MTC and ABAG have vast powers to regulate transportation matters and alter housing patterns. Yet not one member of MTC’s or ABAG’s board of directors has ever been elected by popular vote of the people. Is this democracy?
A famous American once wrote that a governmental entity “has erected a multitude of new offices, and sent hither swarms of officers to harass our people, and eat out their substance.” That writer could have been speaking about two San Francisco Bay Area regional governmental agencies: the Metropolitan Transportation Commission (MTC) and the Association of Bay Area Governments (ABAG).
On July 18-19, 2013, MTC and ABAG, at a joint meeting in Oakland, voted to adopt Plan Bay Area, a scheme to reduce the use of motor vehicles and attract people to high-rise, high-density (stack-and-pack) housing.
The chairperson of MTC is Amy Worth. Worth was not elected to her MTC position. Worth was elected by popular vote to her seat on the Orinda City Council.
Similarly, Julie Pierce, the current president of ABAG, was not elected directly to her ABAG job. Pierce is an elected member of the Clayton City Council. Contra Costa Supervisor John Gioia also sits on ABAG and chairs its finance and personnel committee.
According to Bay Area Citizens, an environmental group based in Lafayette, California, Plan Bay Area mandates “that 80% of all new Bay Area housing units over the next 30 years be high-density, transit-oriented developments in crowded urban and suburban city centers.” The Bay Area Citizens comments are contained in a press release dated May 9, 2014.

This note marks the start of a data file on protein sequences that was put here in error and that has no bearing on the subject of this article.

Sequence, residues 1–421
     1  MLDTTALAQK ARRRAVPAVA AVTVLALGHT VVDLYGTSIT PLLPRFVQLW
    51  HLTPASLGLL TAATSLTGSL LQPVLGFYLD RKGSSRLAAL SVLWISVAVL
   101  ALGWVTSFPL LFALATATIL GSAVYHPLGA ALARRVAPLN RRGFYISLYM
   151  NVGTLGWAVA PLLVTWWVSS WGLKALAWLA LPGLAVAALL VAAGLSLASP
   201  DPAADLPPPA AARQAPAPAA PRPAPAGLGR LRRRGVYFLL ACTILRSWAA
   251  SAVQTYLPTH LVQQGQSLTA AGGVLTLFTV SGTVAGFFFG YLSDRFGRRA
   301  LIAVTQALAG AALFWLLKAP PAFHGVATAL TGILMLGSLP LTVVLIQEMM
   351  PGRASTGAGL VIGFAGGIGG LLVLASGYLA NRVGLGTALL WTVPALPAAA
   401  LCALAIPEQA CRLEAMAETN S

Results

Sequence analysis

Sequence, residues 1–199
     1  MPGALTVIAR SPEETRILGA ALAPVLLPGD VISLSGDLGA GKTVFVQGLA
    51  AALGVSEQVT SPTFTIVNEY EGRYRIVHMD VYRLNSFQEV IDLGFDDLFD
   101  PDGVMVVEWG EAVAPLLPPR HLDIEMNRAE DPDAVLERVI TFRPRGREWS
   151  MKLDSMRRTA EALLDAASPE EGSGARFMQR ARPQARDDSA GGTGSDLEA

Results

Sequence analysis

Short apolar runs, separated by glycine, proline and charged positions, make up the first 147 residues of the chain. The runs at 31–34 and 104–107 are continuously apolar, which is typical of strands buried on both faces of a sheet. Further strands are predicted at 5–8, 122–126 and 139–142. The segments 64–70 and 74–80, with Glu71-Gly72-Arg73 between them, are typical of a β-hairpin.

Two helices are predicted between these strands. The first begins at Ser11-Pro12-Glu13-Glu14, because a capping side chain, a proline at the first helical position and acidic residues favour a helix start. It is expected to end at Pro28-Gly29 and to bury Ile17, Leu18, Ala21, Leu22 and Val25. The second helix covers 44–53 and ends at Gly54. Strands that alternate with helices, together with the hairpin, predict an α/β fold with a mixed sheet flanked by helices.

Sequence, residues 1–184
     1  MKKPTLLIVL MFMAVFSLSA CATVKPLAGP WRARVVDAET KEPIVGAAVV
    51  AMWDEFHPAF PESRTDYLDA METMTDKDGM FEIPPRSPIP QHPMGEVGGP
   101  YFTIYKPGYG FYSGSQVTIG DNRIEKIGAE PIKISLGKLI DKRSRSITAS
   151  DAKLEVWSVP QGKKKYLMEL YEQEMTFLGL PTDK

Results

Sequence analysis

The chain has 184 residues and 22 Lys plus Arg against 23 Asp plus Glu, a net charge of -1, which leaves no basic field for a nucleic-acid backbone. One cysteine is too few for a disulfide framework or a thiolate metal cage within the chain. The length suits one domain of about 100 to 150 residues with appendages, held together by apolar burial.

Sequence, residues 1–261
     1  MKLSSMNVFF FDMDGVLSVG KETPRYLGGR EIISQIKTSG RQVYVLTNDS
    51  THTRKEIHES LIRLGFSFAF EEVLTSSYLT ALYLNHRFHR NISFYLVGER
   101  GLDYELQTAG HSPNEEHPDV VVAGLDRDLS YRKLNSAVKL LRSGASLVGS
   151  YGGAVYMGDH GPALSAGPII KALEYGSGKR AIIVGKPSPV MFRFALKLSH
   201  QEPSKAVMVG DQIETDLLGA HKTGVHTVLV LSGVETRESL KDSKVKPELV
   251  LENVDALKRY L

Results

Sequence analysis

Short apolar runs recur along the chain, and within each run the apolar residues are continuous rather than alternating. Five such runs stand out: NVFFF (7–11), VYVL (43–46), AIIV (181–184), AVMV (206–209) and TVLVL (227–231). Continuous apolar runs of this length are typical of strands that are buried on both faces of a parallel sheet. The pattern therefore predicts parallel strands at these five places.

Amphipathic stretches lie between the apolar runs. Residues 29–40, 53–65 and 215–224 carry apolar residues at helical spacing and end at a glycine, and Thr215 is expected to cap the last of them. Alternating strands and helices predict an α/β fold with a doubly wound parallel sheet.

In its press release, Bay Area Citizens states that Plan Bay Area mandates “that 80% of all new Bay Area housing units over the next 30 years be high-density, transit-oriented developments in crowded urban and suburban city centers.”
Bay Area Citizens is suing MTC and ABAG. A trial date has been scheduled for Thursday, June 12, 2014, at the Rene C. Davidson (Alameda County) Courthouse at 1:30 P.M.
In a May 9, 2014, press release, Bay Area Citizens says that it is “opposed to corporate and financial interests using the power of regional, state, and federal government agencies to crush cities into submission to achieve uneconomic and unwanted goals and outcomes that the residents would not choose for themselves without this coercion and intimidation.”
On March 26, 2014, the Associated Press, in an article about an MTC directive, reported: “San Francisco Area businesses with more than 50 full-time employees are going to have to start offering commuter subsidies as a way of encouraging their workers to use public transportation or other alternatives to driving alone.”
Where does MTC derive the authority to demand that employers with more than 50 full-time employees offer commuter subsidies?
In 2011, MTC’s directors decided to spend $180 million for a new headquarters to be located in San Francisco. The current headquarters is in Oakland. The San Francisco location is expected to open in 2015. In a February 2014 article posted on MTC’s Web site, MTC Chairperson Worth is quoted as saying (after visiting the new San Francisco site): “It’s wonderful to see how it’s transformed from an industrial space to a space that’s great for people. This building has such history.”
On March 24, 2014, the online edition of the San Francisco Chronicle reported MTC will tear down, after seven months of operation, a $9.4 million bicycle pathway for the Bay Bridge.
Bay Area residents have suffered enough of MTC’s and ABAG’s arrogance and abuse. It’s time to abolish both agencies.
And who was that famous American who complained about “a multitude of new offices . . . to harass our people?” He was Thomas Jefferson. His words can be found in the Declaration of Independence.